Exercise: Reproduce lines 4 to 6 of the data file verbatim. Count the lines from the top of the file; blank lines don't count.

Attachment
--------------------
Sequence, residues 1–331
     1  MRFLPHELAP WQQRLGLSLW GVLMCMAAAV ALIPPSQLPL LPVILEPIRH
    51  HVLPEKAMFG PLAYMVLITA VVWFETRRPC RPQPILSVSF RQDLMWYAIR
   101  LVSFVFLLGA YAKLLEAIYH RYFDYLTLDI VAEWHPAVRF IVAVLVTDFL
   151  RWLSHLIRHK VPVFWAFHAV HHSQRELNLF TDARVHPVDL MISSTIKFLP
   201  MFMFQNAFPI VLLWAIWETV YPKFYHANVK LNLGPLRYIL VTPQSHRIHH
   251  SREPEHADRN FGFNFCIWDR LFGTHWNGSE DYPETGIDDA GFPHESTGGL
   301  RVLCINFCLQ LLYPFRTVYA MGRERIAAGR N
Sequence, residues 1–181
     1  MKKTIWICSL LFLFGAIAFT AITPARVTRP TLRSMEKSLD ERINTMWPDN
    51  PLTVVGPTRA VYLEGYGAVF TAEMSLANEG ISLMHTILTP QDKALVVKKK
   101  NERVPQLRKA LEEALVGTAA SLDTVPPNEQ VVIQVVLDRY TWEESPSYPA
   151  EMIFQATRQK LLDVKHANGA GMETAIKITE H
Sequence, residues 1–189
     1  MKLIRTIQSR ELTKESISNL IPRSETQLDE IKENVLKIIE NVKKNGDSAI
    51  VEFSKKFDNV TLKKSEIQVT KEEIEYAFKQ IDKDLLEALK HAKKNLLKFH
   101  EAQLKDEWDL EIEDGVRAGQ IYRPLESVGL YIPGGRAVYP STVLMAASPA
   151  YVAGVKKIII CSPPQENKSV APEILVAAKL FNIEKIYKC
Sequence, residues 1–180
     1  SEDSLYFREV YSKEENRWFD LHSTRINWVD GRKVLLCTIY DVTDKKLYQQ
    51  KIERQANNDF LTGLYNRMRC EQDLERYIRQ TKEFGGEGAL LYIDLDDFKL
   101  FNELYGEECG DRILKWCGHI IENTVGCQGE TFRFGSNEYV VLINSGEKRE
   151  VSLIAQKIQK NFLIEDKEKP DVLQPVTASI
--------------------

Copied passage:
   101  LVSFVFLLGA YAKLLEAIYH RYFDYLTLDI VAEWHPAVRF IVAVLVTDFL
   151  RWLSHLIRHK VPVFWAFHAV HHSQRELNLF TDARVHPVDL MISSTIKFLP
   201  MFMFQNAFPI VLLWAIWETV YPKFYHANVK LNLGPLRYIL VTPQSHRIHH